- Revising office arrangements to adapt to changing lockdown restrictions, which may include:
- temporary changes to operational hours;
- alternating staff start and finishing times; and
- moderating numbers of staff travelling on public transport to and from workspaces.
Redundancies and leave entitlements also need to be factored into returning to work.
Many SMEs have had the ability to keep operating with the support from JobKeeper, but real consideration needs to be given to preparation for possible redundancies. Staff leave will need to be managed in a manner compliant with relevant Awards, the Fair Work Act, and anti-discrimination legislation.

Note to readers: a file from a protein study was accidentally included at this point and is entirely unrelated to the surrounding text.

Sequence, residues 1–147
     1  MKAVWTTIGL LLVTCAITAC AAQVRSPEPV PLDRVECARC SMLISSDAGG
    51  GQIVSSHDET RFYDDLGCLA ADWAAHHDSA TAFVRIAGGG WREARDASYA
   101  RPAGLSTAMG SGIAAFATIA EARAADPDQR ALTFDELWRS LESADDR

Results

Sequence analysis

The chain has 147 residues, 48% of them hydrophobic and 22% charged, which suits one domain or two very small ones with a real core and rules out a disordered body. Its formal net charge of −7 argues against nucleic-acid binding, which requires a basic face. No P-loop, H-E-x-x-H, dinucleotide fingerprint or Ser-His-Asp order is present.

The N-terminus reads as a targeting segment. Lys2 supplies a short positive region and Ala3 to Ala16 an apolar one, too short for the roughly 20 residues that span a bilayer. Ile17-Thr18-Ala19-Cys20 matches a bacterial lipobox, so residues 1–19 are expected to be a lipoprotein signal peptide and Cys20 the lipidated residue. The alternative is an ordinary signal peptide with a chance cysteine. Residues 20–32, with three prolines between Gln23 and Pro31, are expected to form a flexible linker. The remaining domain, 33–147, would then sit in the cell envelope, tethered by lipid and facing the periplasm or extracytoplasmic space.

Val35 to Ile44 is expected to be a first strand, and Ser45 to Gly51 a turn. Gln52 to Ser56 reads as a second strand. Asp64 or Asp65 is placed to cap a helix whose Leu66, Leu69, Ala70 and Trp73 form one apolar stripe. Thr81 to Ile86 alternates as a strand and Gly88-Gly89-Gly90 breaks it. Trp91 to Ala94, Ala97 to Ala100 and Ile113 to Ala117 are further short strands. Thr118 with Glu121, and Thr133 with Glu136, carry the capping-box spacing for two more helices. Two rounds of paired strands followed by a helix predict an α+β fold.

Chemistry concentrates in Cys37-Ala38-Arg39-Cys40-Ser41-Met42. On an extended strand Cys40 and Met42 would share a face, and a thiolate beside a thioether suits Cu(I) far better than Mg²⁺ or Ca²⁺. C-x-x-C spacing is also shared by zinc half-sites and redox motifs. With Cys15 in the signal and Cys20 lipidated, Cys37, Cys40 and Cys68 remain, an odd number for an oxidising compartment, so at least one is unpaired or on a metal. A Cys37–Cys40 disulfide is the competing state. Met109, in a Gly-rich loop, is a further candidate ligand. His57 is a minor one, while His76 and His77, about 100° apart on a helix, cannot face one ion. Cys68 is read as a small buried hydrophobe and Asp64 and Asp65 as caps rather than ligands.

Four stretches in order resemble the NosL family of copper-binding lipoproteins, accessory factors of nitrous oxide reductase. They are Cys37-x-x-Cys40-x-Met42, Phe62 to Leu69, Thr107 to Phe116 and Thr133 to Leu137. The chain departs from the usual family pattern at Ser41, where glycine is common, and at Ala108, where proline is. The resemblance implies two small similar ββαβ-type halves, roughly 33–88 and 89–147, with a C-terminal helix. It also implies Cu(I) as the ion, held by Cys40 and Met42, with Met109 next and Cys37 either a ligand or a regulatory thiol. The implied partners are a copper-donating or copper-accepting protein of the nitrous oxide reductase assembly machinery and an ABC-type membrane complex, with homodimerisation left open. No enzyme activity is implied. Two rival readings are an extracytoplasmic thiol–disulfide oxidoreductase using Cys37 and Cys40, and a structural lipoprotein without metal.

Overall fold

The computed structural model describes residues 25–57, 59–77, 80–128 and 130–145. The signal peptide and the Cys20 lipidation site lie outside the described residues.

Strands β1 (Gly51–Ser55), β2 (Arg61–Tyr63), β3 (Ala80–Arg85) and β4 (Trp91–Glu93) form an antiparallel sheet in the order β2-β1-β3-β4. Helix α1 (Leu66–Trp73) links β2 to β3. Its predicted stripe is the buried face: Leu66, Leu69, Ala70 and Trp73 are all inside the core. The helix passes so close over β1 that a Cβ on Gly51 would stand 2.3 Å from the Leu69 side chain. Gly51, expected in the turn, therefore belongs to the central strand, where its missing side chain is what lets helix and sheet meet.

Privacy and data in a post-COVID world
Business owners should already be familiar – and comply – with the Privacy Act 1988 (Cth) (Privacy Act) as it applies in relation to the collection, use and disclosure of personal information.
A major concern during the dislocation of workplaces and the rapidly-introduced work from home model, is that businesses may have inadvertently cut corners around privacy regulations during the process.
Risks around poor or improper data handling have been exacerbated by the ongoing pandemic. Even with the best security systems in place, data breaches and cyber-attacks still happen and a remote workforce can increase vulnerability of systems.
To minimise exposure, protective measures can be put in place, including ensuring that staff:
- Only use and access trusted networks, software and cloud services, and ensure updates are consistently loaded to devices, virtual private networks and firewalls;